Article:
Despite the severity of the Chinese winter, bronchitis does not have its own name in China, where it would merely be called coughing. The reason why bronchitis is known elsewhere in the world as the English Disease is that the British seem to suffer from it more than other nations. Bronchitis can certainly be treated with Chinese Medicine, usually with success. Different treatments will be applied according to whether the bronchitis is acute of chronic.
In Chinese Medicine, if acute, bronchitis is normally due to external reasons such as wind, cold or heat invasion. Chronic bronchitis, which is what most people suffer from in Britain, is attributed to internal problems: deficiency of the spleen or lungs, or internal phlegm.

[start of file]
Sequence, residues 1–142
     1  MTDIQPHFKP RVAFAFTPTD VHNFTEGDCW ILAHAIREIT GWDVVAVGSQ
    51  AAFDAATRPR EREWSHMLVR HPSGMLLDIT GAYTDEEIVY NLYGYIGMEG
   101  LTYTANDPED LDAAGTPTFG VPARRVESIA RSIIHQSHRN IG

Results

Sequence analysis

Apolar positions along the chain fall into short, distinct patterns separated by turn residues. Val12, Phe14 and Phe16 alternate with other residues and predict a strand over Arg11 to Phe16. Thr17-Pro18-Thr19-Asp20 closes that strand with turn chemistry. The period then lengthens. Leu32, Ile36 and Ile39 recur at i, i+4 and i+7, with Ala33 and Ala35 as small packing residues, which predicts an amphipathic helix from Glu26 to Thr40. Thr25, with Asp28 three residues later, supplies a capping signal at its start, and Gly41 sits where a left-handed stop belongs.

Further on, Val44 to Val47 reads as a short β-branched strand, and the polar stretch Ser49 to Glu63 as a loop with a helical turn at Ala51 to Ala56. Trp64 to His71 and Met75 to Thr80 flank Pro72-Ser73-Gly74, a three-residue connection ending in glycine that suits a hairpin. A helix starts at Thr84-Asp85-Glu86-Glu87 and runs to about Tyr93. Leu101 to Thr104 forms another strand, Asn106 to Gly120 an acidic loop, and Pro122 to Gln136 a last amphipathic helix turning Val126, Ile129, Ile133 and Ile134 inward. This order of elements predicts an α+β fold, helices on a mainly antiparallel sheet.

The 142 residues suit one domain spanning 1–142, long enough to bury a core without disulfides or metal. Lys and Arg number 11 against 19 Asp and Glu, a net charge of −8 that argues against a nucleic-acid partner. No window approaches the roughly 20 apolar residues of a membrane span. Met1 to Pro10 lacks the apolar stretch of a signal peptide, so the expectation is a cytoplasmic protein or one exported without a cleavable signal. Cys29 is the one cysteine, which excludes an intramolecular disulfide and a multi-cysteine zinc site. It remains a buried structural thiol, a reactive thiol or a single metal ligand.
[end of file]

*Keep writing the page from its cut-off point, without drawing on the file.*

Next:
Where Western medicine, waits for the attack to occur and then treats it, the aim of a Chinese Medicine practitioner is to prevent the onset of an attack. Sufferers who dread winter because it will inevitably herald the onset of the disease should begin treatment in late summer or early autumn. They should then have fewer or less serious attacks of bronchitis. Treatment with Chinese Medicine can sometimes prevent attacks entirely.
A Chinese Medicine practitioner examining a patient in the summer would assess the severity of the condition, even in the absence of the illness, by means of the tongue, the pulse and the breathing. He or she will then concentrate on improving lung energy, using herbs such as plantain seed, fritillary bulb or balloon flower root, honeysuckle flowers, baical skullcap root, lily turf root, mulberry leaf or gardenia fruit
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